4 February 2020

This is a difficult one to review. Having seen it staged in Boston (MA) about 20 years ago, it has remained one of the most memorable productions I’ve seen to date (and goodness knows I see a lot of theatre), so the bar was set pretty high.

First things first. The play is 4 hrs long. There is no need for that. There are _so_ many things that add a tiny bit of colour, but, fundamentally, don’t contribute anything and can be easily cut. There is a scene at the start where workers are carrying a sign and stop to complain a bit about the Jews and the masons. What for? We already know the town is poor. (And yes, I know there is a line in the play to that effect. But this is meant to be an adaptation, so highly doubt anyone would balk at a little snip here and there.)  There is no tie between this and anything else. It might be 1 minute long, but there are lots of there throughout (like the incessant space filler from her “comedy duo”). It would add up to a 3.5 hr show, which is a more palatable commitment.

Also, the drum revolve stage at the Olivier (coupled with ample storage space at the back of the stage that can fit an entire set in an instance) allows for very quick set changes. Yet these dragged on with slow music and the pacing of a funeral procession. Beautifully framed and lit, I wouldn’t have been put off by them in a 2.5 hour play. Here it feels like taking the piss. Skipping ahead of myself, I loved the play, and would rather like to see it again. But finding the time for that kind of a commitment when the fantastic content is padded with so much fluff… It’s hard to justify the time and the money… (And yes, sometime one needs a beautiful scene change. It’s all a factor of when and how much.)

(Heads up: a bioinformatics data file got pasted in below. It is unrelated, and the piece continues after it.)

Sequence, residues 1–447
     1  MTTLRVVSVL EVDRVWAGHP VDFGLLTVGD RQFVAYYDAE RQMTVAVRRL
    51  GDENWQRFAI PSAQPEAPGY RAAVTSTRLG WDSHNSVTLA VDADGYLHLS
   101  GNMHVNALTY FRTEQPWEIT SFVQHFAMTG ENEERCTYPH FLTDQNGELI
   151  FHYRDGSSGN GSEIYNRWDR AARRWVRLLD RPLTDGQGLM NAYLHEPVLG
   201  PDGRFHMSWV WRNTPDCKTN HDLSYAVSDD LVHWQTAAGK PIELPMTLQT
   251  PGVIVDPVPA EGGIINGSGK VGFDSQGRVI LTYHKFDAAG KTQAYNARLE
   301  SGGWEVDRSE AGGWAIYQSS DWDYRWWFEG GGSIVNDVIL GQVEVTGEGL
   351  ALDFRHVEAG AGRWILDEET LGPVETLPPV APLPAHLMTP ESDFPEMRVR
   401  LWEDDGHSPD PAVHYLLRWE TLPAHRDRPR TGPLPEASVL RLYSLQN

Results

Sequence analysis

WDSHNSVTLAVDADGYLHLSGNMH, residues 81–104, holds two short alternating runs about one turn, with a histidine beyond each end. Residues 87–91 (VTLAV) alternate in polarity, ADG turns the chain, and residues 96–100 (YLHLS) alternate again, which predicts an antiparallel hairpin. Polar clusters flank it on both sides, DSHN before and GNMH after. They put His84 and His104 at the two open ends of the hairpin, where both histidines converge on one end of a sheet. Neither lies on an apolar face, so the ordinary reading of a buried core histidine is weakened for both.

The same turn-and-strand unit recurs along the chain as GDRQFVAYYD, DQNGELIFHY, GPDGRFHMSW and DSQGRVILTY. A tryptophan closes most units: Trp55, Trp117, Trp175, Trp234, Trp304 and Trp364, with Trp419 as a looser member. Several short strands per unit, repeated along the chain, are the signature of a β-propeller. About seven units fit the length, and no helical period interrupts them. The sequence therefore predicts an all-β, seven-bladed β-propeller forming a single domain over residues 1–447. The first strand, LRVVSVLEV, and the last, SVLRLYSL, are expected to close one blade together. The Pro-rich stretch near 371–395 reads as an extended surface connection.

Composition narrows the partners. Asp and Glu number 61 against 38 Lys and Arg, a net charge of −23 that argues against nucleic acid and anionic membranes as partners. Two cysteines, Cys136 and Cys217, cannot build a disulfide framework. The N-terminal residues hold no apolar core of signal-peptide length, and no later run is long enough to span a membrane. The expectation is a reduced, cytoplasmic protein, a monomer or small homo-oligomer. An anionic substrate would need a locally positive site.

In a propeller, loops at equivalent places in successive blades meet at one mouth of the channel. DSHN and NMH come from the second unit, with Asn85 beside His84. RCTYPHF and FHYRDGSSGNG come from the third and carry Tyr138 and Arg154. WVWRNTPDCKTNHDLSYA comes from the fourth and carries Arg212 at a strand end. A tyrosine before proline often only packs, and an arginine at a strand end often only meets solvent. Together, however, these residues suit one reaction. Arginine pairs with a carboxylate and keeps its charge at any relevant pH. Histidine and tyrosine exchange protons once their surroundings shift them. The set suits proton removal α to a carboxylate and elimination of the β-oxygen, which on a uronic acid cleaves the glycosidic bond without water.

So with that out of the way, we are left with 3 acts of things happening. Let’s talk about the middle one whilst I’m talking about the gripes. Most of it takes place on a walkway high above the stage. It is extremely uncomfortable to sit there craning your neck up that high for most of the act no matter where one is in the audience, except, perhaps, back of the circle. I had a look around about 10 mins into it, and hardly anyone was watching: people were looking down and massaging their necks (and hopefully listening intently). If this was done as some kind of “look at Claire up in the sky thinking she is above the hoi polloi”, this could probably have been done via a slightly raised platform on stage. I really wanted to watch, but my neck had other plans. Rather disappointing…

So then on to the much more positive bits. The quality of acting is very good. The ensemble is very strong, but Hugo Weaving and Leslie Manville are absolutely superb.

It was fantastic to see Manville kill it in a “strong independent woman” role, especially after her Kathy role in Mum on BBC (plus the other 2 plays I’d seen her in over the years in the west end presented her with women far more mellow). Weaving, who I’ve been wanting to see more of on stage following Waiting for Godot, may not be the Alfred I expected, but he certainly gave the role a lot of nuance and warmth.

The two of them on stage had chemistry as actors, I thought, but their characters not as much. Not sure if I liked that or not, still thinking…

Manville’s costumes are worth a separate mention. Absolutely spectacular. The black dress was a bit on the short side to be age appropriate, but then Manville looks young and so is able to carry it well.

A bit of interesting note about the last act. No worries, no spoilers here. Claire and Alfred are sat together, and she is talking about her version of the future. I don’t remember the play well enough to tell how much of it came from the original text vs Kushner’s adaptation. But the contents of what she is saying are really touching and show the depth to which she had been affected by the events of her youth. I was certainly getting teary-eyed. Lots of people around me were  sobbing. And yet lots of people in the audience were laughing! Not an uncomfortable sort of laugh, but downright giggles because they found the text funny. Truth be told, I can see how that would be the case if we didn’t have the context supplied by the 3-odd hours beforehand. But as is? Really weird. I get it that theatre is meant to be divisive, but I thought the laugher did ruin the scene a lot.

Would I recommend seeing it? At 3h it’d be a no brainier. At 4, it’s a commitment. Things do move at a quick pace, but it’s a lot to take on mentally after a day at work.

Cheapskate enjoyment value: £8 had it been shorter, so have to take it down to a £5.

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